When the shit hits the fan.

24 08 2009

4 wheels on my wagon

In the European Grand Prix at Valencia this Sunday the Maclaren Mercedes of Lewis Hamilton came into the 2nd pit stop with a 4sec advantage over the second place car of Reuben Barrichello.

Working as a slickly oiled machine the car went up on the jacks, the wheels came off, the fuel pump went in and…then they realised there were no wheels to go back ON the car. After what must have seemed like an eternity the spare set of boots came out of the garage and were fitted. Presumably behind that protective gear there were a few red faces. Following his pit stop Barrichello won the race by 2.3 secs.

Looking at the result we can see Barrichello’s pit times were 8 sec shorter than Hamilton and when Hamilton entered the pits he was 4 secs ahead of Barrichello. Interesting maths.

Interviewed immediately after the race the team principal Martin Whitmarsh when asked specifically about the incident said, “It didn’t affect the outcome of the race…we lost the race because we weren’t quick enough (on the track).”

Interviewed immediately after the race, driver Lewis Hamilton refused to allocate blame to the pit crew and said, “We win and lose together… these things happen.”

When the stuff hits the fan most adults fully recognise their error. It is not always necessary to specifically or openly point it out; those with insight hopefully learn. Sometimes leaders attempt to protect the reputation and “feelings” of a team by publicly sidestepping or even denying problems. Other leaders openly accept the problem, avoid blamestorming, and unite the team in moving forward despite the problem.

Was there really a problem? Did it really affect the result? How is the reputation of the team affected by each approach? Which leader would you prefer to lead your team?





Blamestorming

11 02 2009

The House of Commons Select Committee is currently tearing strips off the Four Horsemen of the (Financial) Apocalypse : Stevenson, Hornby, Goodwin and McKillop.

four-horsemen

In the harsh spotlight of retrospect, pointed questioning and publicity the four are apparently being held to account for what appears to be most of the current and future economic ills of the country, as well as probably Albion Rovers poor away form and possibly even the poor uptake of MMR vaccinations.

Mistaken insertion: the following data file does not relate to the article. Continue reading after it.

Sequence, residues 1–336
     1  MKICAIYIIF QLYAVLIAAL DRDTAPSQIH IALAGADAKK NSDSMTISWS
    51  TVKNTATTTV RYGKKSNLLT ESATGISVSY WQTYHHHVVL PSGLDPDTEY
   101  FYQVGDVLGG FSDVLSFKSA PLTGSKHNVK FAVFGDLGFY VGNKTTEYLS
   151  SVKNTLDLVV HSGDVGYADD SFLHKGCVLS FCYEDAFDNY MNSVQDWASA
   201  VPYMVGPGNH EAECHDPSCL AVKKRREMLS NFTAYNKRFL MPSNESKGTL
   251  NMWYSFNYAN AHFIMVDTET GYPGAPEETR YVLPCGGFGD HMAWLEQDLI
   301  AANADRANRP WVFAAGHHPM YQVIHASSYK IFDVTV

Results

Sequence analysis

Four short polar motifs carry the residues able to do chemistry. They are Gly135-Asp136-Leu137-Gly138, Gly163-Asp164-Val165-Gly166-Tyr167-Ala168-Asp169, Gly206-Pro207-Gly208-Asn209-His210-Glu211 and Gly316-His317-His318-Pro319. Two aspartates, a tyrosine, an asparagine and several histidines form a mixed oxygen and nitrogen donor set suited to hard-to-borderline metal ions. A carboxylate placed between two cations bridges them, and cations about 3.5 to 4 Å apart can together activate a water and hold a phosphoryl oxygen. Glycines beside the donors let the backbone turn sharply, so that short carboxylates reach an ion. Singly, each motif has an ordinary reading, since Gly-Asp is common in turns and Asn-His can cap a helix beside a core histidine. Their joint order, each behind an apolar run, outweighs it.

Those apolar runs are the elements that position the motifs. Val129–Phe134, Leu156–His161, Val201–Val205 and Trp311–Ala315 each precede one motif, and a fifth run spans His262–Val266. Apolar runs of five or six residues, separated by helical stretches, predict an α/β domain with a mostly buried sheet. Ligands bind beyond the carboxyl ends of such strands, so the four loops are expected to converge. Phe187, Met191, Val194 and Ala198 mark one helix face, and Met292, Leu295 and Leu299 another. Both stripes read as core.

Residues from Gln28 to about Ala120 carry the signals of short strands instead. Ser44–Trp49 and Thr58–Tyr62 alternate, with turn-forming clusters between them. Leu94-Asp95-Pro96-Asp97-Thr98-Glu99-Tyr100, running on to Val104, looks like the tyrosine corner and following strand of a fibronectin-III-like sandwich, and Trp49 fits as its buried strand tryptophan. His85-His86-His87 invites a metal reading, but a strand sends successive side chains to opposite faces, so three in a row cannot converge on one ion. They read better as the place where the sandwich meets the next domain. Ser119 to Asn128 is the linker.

The Times has a useful hate short list of “ The 10 people most responsible for the recession,” which includes our own Prime Minister as well as the previously mentioned Fred “the shred” Goodwin  additionally dubbed “The world’s worst banker”. Quite an epiphet for the man who was in charge of RBS in 2006 when Royal Bank of Scotland were (allegedly) amongst the top ten banks in the world.

Of course there is also the “if I’m going down I’m taking you with me” of  Mr Hornby and his opinion of Sir James Crosby at the Financial Services Authority, his predecessor at HBOS.

Now I know nothing about banking but what strikes me is that only two years ago all of these people were considered amongst the most talented in their field by people in their field. How times have changed. Or is it just they are the focus of the blamestorm?

In a previous post I tried to quantify just what managers bring to a football team. Tony Adams who took over at Portsmouth has slumped to an inseiffolliet score (I.S) of 0.13 and understandably moved on to spend more time with the family. What is less understandable is the situation at Chelsea where Luiz Felipe Scolari has just been sacked. The man who took Brazil to World Cup victory in 2002 then Portgual to European Cup Runners Up in 2004 and semi finalists in the World Cup two years later has become the focus of blame for Chelsea’s failure in the current season. Scolari has a reasonable IS of 0.6 but that clearly wasn’t good enough.

I wonder at the value in banking, football, management and even in life, of allocating all the blame on single individuals for things turning out other than the way we’d like it. The attribution of blame doesn’t change things, in itself it doesn’t punish nor reverse the perceived error and importantly it doesn’t in any way help in the redress of the problem. Culturally it appears that what is required is a Biblical type scapegoat upon whom the sins can be laid and then sent out into the wilderness.

Sure we’d all like things to be different but is blaming someone, however complicit, really the way forward?








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